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Whether you love him or hate him, there is no question that George W. Bush is one of the most controversial public figures in recent memory. In an unprecedented undertaking, acclaimed director Oliver Stone is bringing the life of our 43rd President to the big screen as only he can. "W." takes viewers through Bush's eventful life -- his struggles and triumphs, how he found both his wife and his faith, and of course the critical days leading up to Bush's decision to invade Iraq.

"W." stars Josh Brolin as George W. Bush, Elizabeth Banks as Laura Bush, James Cromwell as George Herbert Walker Bush, Ellen Burstyn as Barbara Bush, Thandie Newton as Condoleezza Rice, Jeffrey Wright as Colin Powell, Scott Glenn as Donald Rumsfeld, and Ioan Gruffud as Tony Blair.

JOsh Brolin (George. W. Bush) will next be seen in Gus Van Sant's "Milk" opposite Sean Penn, Emile Hirsch, and James Franco.  The biopic tells the story of Harvey Milk, the first openly gay man to be elected to public office.  Brolin will portray Dan White, the San Francisco County Supervisor who murders Milk. He most recently starred in Joel and Ethan Coen's "No Country for Old Men," which won four Academy Awards including Best Picture and Best Director; and in Ridley Scott's blockbuster "American Gangster."  Brolin was a Screen Actors Guild Award nominee as part of the ensemble for the latter film, and was honored with a Screen Actors Guild Award as part of the winning ensemble for the former.  Brolin is currently producing a documentary with Chris Moore, Anthony Arnove and Howard Zinn, based on Zinn and Arnove's  award winning book, "The People Speak," which is a look at America's struggles with war, class, race and women's rights.  The documentary features Matt Damon, Sean Penn, David Strathairn, Viggo Mortensen, among others.
Other film credits include Paul Haggis' "In the Valley of Elah;" Robert Rodriguez' "Planet Terror" portion of "Grindhouse;" John Stockwell's "Into the Blue;" Victor Nunez' "Coastlines;" Paul Verhoeven's "Hollow Man; "James D. Stern's "All the Rage;" Guillermo del Toro's "Mimic;" David O. Russell's "Flirting with Disaster;" and Richard Donner's "The Goonies," which marked his film debut. In early 2008, his film directing debut, a short entitled "X, "which he also wrote and produced, premiered at the Santa Barbara International Film Festival before screening at such festivals as South by Southwest and the AFI Dallas Film Festival.  Brolin also directed the behind the scenes documentary for the  "No Country for Old Men" DVD.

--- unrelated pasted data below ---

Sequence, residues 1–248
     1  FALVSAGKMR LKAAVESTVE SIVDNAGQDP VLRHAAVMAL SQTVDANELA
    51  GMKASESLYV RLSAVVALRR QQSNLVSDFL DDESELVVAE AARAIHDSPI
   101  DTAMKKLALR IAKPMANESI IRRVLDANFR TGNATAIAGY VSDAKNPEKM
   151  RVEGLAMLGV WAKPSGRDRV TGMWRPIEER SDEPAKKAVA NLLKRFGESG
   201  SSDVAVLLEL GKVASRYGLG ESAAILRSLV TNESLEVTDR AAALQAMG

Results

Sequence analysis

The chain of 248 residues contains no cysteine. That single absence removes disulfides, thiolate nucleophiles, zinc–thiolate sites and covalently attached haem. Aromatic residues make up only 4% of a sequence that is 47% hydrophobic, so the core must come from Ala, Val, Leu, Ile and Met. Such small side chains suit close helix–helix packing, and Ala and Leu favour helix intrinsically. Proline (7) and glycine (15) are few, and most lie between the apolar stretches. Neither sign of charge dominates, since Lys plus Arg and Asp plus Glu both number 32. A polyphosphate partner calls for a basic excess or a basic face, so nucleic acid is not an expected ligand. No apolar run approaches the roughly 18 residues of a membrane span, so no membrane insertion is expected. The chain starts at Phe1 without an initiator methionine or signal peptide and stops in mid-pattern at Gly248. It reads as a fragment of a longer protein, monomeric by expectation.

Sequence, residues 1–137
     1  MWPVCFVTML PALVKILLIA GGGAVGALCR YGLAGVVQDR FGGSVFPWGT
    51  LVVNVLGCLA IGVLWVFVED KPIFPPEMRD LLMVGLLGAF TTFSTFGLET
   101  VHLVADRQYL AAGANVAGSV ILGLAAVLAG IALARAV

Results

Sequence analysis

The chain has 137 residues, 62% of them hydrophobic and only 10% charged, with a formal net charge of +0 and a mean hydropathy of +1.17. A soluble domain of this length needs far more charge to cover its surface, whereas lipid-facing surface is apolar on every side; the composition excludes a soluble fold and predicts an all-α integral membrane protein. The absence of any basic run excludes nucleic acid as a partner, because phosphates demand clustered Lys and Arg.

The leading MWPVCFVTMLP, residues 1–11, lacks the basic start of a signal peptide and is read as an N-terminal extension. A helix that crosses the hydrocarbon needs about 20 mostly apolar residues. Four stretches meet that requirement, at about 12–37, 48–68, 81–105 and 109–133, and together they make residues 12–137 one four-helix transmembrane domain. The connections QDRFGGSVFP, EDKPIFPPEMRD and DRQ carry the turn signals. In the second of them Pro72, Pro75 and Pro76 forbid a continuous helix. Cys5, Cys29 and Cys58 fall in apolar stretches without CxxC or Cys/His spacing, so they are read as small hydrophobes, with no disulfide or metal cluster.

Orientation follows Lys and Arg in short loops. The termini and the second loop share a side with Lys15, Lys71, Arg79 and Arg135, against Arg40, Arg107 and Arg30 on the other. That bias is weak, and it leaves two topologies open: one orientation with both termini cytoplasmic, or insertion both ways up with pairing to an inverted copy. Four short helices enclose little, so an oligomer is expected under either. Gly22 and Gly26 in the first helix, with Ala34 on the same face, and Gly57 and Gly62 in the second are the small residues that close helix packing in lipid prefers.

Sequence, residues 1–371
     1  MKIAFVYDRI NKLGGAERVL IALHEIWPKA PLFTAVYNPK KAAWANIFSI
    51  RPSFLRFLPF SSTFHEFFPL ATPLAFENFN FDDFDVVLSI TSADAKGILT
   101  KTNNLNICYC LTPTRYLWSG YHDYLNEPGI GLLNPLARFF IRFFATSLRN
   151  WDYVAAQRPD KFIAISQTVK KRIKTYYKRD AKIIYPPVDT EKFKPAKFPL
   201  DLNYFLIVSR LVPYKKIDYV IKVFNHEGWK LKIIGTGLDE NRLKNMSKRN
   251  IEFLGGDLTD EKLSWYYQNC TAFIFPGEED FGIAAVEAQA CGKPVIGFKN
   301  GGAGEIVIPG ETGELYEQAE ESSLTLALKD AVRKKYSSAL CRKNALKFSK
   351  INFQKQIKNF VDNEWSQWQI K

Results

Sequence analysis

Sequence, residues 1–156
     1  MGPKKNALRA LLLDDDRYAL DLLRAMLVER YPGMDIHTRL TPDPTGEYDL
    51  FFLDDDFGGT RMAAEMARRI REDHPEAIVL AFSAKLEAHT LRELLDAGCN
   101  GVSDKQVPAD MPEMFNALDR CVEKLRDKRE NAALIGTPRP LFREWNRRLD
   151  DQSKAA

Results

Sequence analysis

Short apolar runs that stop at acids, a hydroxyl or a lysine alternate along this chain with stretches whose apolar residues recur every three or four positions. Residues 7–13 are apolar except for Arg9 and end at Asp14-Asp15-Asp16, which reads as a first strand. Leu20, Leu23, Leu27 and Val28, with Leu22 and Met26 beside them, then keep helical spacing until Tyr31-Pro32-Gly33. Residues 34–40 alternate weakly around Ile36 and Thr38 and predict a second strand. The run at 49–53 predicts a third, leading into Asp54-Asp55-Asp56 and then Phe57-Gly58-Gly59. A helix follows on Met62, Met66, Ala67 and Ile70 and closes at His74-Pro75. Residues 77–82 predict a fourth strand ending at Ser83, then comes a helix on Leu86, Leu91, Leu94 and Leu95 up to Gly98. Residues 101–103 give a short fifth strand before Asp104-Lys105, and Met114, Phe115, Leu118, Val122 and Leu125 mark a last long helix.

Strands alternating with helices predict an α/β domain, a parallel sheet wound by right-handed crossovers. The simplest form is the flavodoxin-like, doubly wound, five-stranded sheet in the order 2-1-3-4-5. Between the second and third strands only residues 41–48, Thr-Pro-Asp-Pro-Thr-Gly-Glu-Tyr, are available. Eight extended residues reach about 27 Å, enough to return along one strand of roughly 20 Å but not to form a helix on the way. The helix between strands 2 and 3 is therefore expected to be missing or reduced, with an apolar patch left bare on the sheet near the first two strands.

Brolin made his mark in television starring in two Western dramas: The epic miniseries "Into the West," and the popular series "The Young Riders." He has also starred in the series  "Mister Sterling," and "Private Eye;" in the telefilms "Gang in Blue" with the late J.T. Walsh and "Prison for Children," directed by Larry Peerce; and in the telefilm remake of Picnic, directed by Ivan Passer.
He spent five years with actor/director Anthony Zerbe at the Reflections Festival at the GeVa Theatre in Rochester, New York. While there, Mr. Brolin directed and performed in several of the festival's plays, including "Pitz and Joe;" "Life in the Trees;" "Forgiving Typhoid Mary;" "Oh; The Innocents;" "Peep Hole;" "Ellen Universe Joins the Band;" "Lincoln Park Zoo;" and "Hard Hearts."
His additional stage work includes starring opposite Elias Koteas on Broadway in Sam Shepard's "True West;" appearing off-Broadway in "The Exonerated;" "The Skin of Our Teeth," "The Crucible," and "A Streetcar Named Desire," all at the Kennedy Memorial Theatre; "A Midsummer Night's" Dream, at the Lebrero Theatre; and "Dark of the Moon," at the Ann Capa Ensemble Theatre.